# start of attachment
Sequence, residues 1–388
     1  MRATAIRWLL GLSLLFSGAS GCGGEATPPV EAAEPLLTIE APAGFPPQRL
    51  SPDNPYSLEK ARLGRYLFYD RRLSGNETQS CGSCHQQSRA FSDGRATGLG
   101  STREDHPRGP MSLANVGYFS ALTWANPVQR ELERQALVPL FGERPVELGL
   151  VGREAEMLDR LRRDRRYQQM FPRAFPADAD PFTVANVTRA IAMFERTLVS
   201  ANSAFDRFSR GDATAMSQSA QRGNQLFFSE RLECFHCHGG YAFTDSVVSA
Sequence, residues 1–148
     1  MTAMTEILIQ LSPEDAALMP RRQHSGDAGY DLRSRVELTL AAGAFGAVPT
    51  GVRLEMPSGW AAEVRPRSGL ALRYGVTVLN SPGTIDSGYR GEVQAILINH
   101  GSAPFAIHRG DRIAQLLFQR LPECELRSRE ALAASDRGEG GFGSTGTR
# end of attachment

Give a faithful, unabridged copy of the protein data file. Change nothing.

Sequence, residues 1–388
     1  MRATAIRWLL GLSLLFSGAS GCGGEATPPV EAAEPLLTIE APAGFPPQRL
    51  SPDNPYSLEK ARLGRYLFYD RRLSGNETQS CGSCHQQSRA FSDGRATGLG
   101  STREDHPRGP MSLANVGYFS ALTWANPVQR ELERQALVPL FGERPVELGL
   151  VGREAEMLDR LRRDRRYQQM FPRAFPADAD PFTVANVTRA IAMFERTLVS
   201  ANSAFDRFSR GDATAMSQSA QRGNQLFFSE RLECFHCHGG YAFTDSVVSA
Sequence, residues 1–148
     1  MTAMTEILIQ LSPEDAALMP RRQHSGDAGY DLRSRVELTL AAGAFGAVPT
    51  GVRLEMPSGW AAEVRPRSGL ALRYGVTVLN SPGTIDSGYR GEVQAILINH
   101  GSAPFAIHRG DRIAQLLFQR LPECELRSRE ALAASDRGEG GFGSTGTR